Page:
I’ve read every book written by Jane Harper and her latest, The Lost Man, certainly did not disappoint.
Cameron and Bub are brothers who have arranged to meet each other on the border of their large cattle property located in outback Queensland. Cameron doesn’t turn up and after a search, is found dead at a legendary stockman’s grave in the middle of nowhere. What’s puzzling is his car is found nine kilometres away. The car hasn’t broken down and is fully stocked with water and food and the driver’s door left ajar.
Cameron lived in the old family homestead with his wife, two daughters, his younger brother Bub and his mother. Nathan, the older of the three brothers, who hadn’t seen his family in months has his sixteen-year-old son Xander staying with him when he gets the call about Cameron. It’s through his eyes that the reader is taken on a journey of family mystery and intrigue.
Cameron had been agitated in the months leading up to his death and with one policeman to cover hundreds of kilometres of remote area, it’s concluded that with no sign of violence or tampering with his car that he deliberately walked to his death. Nathan is not convinced.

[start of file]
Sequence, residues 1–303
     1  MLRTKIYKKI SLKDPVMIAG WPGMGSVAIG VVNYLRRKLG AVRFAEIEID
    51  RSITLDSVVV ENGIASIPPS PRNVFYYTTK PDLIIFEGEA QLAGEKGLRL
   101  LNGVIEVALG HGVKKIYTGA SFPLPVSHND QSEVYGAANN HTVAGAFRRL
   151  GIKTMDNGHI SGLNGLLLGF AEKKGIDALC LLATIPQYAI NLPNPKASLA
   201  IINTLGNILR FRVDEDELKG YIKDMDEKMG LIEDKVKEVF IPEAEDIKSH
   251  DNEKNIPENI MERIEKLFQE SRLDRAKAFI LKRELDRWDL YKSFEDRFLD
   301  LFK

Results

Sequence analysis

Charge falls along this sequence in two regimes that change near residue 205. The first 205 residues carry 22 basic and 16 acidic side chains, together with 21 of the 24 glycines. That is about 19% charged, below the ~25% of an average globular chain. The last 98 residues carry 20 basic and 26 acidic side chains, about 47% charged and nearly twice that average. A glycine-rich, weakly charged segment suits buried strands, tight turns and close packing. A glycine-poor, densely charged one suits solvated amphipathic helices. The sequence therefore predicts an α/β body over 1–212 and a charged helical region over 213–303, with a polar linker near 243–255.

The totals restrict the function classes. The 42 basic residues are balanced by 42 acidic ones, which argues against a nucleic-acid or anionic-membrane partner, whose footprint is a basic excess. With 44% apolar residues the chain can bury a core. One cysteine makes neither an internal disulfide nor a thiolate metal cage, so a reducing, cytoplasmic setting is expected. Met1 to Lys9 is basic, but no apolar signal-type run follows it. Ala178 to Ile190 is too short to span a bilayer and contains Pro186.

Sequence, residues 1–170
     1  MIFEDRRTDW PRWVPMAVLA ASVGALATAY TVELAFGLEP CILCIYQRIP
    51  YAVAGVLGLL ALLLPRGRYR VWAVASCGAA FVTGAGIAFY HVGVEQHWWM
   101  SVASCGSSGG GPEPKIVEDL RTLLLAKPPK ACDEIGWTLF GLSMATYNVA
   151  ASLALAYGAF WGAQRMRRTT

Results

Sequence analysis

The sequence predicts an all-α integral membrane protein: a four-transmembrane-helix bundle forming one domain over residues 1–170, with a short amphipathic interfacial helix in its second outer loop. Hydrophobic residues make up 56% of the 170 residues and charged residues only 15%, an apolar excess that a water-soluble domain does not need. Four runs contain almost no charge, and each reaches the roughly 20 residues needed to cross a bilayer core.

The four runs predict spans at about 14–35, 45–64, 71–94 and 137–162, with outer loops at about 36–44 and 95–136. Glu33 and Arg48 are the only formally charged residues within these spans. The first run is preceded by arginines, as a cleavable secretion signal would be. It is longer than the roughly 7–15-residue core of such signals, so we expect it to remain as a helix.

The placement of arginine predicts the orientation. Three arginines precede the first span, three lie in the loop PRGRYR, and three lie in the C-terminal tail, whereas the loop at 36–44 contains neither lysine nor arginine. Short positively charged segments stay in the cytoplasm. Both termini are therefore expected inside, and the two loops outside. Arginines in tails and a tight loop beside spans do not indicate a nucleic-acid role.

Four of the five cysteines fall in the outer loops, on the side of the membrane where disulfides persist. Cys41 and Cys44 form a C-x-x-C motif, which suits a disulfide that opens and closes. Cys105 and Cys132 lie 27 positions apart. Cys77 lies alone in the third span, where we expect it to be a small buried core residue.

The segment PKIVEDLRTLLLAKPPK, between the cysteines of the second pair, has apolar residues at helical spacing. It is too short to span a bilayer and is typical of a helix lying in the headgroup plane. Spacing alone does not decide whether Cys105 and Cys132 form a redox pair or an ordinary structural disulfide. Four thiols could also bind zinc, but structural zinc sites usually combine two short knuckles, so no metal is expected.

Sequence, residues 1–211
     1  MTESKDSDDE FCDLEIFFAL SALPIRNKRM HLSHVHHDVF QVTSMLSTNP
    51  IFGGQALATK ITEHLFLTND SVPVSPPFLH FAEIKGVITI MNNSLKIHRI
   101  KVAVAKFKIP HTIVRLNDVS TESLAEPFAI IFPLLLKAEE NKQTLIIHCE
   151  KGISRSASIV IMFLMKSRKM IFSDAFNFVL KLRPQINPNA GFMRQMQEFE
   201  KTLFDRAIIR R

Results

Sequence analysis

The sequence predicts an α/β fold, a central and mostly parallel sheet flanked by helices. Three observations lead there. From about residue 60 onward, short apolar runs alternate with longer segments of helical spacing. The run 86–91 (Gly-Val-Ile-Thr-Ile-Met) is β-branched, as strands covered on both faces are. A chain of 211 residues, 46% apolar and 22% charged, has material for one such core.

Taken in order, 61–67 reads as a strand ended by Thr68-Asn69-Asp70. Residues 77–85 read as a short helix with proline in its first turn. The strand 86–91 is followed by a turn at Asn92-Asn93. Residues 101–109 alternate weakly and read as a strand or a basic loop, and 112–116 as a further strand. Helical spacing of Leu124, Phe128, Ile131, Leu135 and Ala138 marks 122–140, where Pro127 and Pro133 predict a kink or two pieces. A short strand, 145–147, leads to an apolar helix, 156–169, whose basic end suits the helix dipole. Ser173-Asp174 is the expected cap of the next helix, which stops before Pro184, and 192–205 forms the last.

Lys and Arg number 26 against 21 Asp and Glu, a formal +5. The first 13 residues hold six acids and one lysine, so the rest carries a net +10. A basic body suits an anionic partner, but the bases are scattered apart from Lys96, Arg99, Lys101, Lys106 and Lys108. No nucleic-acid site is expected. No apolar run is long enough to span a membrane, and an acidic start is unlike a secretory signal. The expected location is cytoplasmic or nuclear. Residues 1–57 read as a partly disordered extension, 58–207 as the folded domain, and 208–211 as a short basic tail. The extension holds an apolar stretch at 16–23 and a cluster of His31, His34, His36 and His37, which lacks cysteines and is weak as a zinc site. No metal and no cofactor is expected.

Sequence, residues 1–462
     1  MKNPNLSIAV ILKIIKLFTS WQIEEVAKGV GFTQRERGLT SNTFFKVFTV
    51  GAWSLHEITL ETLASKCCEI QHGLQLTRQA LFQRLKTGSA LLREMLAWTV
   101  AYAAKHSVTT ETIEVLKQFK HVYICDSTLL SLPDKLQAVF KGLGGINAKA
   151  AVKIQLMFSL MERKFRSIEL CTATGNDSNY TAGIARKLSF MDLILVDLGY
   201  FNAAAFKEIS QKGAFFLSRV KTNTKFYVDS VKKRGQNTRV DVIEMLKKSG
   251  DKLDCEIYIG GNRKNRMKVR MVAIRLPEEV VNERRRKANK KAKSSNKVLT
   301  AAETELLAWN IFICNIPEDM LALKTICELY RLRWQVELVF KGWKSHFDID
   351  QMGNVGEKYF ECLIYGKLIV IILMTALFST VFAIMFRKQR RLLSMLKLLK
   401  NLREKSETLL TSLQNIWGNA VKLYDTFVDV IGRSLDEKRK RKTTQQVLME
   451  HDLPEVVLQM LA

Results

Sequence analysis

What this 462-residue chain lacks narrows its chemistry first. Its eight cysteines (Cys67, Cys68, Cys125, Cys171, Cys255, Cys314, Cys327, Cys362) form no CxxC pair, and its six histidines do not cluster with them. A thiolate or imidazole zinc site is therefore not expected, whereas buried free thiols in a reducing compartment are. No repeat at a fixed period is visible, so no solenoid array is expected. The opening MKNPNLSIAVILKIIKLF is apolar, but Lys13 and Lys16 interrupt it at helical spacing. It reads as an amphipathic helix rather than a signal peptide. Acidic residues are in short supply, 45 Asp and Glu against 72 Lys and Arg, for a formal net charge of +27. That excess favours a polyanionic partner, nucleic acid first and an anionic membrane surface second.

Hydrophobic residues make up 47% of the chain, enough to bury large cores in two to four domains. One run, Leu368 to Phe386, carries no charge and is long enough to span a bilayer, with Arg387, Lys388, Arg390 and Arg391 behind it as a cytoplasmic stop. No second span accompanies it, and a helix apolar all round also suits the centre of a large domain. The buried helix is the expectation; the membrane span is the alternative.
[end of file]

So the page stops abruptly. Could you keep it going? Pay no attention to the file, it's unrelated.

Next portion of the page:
The characters are very well drawn and the layers of the family’s history are cleverly peeled away revealing multiple secrets. The landscape, red dust and suffocating heat was beautifully descriptive of how harsh life is in the outback.
“He adjusted his mirrors as the sun’s reflection rose, blinding red behind them. They were heading west, towards the desert, and the sky loomed huge above the perfect flat horizon. By the time they hit the edge and turned north, they would be able to see the dunes; huge sandy peaks running north to south for hundreds of kilometres.”
Indeed, the central theme around mental health issues in the outback is well covered, the lack of resources and the isolation for both women and men is all too real.
“He had lain there, anxious and unsettled, as it dawned on him. He was entirely alone. No staff. Nothing but static on the radio… There was not a single other person near him for hours in every direction. He had been cast fully and completely adrift.”
There is such a lot in this book and like The Dry, I was guessing what happened right up until the end and was certainly surprised. I’m still trying to the digest the motivation and can’t say I’m fully convinced. Saying anymore would be to divulge the spoilers and that wouldn’t be fair. So, I guess that’s a good enough reason to read it yourself. It’s certainly a page turner and a perfect summer read and I’ll let you judge if you think the ending was right.
Thanks, I’ll give it a go.
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I’ll bring my copy on Monday for you.